by Alex Fox/Smithsonianmag.com
Researchers have used satellite observations to identify what they’re calling a “space hurricane” in Earth’s upper atmosphere, Nature reports. The results, published last month in the journal Nature Communications, represent the first time a space hurricane has ever been detected over our planet.
The team spotted the churning mass of charged particles—ionized gas called plasma—hovering several hundred miles above the North Pole during a retrospective analysis of data collected in August 2014, reports Doyle Rice for USA Today.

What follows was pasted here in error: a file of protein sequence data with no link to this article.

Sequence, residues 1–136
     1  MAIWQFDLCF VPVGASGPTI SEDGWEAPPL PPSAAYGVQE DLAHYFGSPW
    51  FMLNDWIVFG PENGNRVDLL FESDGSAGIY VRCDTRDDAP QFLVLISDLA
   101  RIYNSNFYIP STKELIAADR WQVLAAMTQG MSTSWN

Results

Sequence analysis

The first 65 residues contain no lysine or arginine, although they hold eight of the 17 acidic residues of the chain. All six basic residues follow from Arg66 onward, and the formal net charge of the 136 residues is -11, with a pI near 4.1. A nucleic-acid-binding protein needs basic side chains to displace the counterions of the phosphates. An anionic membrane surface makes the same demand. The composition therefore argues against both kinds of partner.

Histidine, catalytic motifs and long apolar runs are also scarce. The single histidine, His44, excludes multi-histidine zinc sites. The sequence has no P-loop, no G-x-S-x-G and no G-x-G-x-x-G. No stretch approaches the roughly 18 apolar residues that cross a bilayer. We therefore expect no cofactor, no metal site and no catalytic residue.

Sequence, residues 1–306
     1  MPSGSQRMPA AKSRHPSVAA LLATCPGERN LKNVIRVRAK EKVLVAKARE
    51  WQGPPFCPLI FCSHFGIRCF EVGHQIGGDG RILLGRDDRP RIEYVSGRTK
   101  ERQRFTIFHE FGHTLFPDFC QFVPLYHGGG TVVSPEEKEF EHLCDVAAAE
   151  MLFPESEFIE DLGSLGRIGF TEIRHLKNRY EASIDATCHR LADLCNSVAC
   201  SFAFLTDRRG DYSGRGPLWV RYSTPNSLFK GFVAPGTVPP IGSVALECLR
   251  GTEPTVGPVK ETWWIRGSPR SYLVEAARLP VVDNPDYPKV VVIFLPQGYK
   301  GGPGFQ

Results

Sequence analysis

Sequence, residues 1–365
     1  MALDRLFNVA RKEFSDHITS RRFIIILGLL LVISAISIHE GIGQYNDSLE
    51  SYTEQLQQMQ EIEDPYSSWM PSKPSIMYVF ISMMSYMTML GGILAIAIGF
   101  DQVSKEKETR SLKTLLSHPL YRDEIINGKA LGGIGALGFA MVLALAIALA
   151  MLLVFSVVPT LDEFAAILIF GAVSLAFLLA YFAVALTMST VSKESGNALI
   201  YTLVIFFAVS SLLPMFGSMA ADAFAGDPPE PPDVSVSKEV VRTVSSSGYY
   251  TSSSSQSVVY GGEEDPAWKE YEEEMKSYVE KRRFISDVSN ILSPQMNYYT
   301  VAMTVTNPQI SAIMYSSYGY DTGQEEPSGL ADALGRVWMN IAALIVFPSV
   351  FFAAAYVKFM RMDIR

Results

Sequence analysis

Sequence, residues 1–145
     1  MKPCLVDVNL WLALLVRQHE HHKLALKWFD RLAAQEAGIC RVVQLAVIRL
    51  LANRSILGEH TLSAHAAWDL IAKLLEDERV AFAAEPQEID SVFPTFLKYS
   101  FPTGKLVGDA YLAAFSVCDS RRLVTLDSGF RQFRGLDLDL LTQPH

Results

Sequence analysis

“Until now, it was uncertain that space plasma hurricanes even existed, so to prove this with such a striking observation is incredible,” Mike Lockwood, an astrophysicist at the University of Reading and co-author of the paper, in a statement.
The space hurricane described in the paper measured roughly 600 miles across and rained down charged electrons instead of water for nearly eight hours as it spun counter-clockwise at speeds up to 4,700 miles-per-hour, per the paper.
The 2014 space hurricane occurred during a period of relatively low geomagnetic activity, which created a puzzle, since it meant the space hurricane wasn’t the result of Earth’s ionosphere being lashed by the solar winds of a stormy sun.